So even though Alexandre Aja and Grégory Levasseur have their fingerprints all over the screenplay, it’s Franck Khalfoun (perhaps best known as “guy-with-axe-in-his-back” in High Tension) who has actually puts on the director's hat. And while the set-up of the film is brilliant—one woman, one psychopath, and an abandoned parking garage—the execution somehow didn’t hold up.
The film—essentially a folie à deux—therefore hinges on the two main characters. Both Angela, the victim, and Thomas, the psychopath, suffer from being woefully underwritten. Eager to get to the red stuff as quick as possible, Angela furrows her brow, calls her family (it’s Christmas eve), and frets—none of which really makes her endearing. Thomas has screaming fits and glares angrily at the camera, but none of this makes him threatening. He’s too busy chloroforming Angela and handcuffing her to tables to be a fully-formed character. Supposedly, his loneliness is the source of his madness, but this is something that’s announced (somewhat unconvincingly), rather than evinced. Imagine a movie in which you both fear and pity the protagonist… now how scary would that be? (Hint: think of Asami in Audition.)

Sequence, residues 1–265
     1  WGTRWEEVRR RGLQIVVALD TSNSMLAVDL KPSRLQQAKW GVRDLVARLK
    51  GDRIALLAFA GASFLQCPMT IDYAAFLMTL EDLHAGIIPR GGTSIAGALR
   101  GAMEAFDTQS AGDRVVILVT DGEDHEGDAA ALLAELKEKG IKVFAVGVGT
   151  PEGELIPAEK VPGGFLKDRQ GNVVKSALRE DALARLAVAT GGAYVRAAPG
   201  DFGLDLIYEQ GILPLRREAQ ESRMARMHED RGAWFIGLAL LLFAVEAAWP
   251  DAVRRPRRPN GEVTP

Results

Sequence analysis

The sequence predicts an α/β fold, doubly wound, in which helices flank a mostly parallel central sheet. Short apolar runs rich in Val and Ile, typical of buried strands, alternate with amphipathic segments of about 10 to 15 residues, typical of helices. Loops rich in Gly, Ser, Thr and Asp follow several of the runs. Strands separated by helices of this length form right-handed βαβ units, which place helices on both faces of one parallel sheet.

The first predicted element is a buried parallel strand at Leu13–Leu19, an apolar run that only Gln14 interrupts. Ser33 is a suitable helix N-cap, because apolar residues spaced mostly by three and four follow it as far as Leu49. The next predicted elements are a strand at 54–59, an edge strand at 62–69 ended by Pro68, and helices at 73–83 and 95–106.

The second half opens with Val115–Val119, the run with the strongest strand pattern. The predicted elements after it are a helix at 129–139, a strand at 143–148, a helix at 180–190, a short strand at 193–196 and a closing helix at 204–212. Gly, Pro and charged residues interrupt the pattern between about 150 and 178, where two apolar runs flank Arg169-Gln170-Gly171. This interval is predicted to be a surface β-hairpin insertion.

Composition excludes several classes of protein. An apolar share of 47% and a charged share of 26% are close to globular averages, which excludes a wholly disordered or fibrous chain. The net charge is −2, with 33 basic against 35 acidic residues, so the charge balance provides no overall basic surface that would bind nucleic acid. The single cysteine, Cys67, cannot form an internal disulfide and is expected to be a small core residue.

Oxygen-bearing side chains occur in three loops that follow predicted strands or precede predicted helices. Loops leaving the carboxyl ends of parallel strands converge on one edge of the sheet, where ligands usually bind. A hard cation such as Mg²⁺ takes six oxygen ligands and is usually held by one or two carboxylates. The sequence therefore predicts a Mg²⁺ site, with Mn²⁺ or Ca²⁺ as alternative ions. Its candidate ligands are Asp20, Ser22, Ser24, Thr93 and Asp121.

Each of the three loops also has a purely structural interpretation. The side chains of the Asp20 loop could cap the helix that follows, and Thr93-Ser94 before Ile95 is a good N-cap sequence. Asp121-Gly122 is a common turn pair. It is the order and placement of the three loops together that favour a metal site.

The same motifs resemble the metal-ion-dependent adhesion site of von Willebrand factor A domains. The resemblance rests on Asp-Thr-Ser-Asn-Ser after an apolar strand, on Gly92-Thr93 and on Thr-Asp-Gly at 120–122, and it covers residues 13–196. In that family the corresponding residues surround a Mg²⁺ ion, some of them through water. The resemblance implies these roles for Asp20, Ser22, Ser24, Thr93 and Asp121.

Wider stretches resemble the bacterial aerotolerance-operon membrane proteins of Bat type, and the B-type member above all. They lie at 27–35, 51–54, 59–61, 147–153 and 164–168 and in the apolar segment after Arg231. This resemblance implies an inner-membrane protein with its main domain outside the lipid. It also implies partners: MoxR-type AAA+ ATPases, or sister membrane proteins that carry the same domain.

It’s a pity, since the set-up of P2 had so much potential. Usually “trapped in a bad place” films take place in the countryside, where the entire locale has been steeped in cannibalistic hillbillies. But to have a common urban landscape become utterly defamiliarized… this is the stuff of nightmares. P2 also hints at some underlying class tension (Thomas might as well be singing “Uptown Girl”), but it dispenses any deeper examination with a character that might as well be wearing a sign that says “dead meat.” It's much too easy to kill yuppies; everyone secretly cheers. (And it's a nasty death, too; the scene drags the entire enterprise into sleazy territory. And of course you can’t have torture porn without a wince-worthy fingernail extraction or ocular damage scene.)
Aja and Levasseur still have a little ways to go before they can establish themselves as a reliable brand name in horror, à la Romero. They can craft some effective thrills, no doubt, but for P2, it feels like they punched a button, got a ticket, waited for the gate to go up, and then just finally drove away.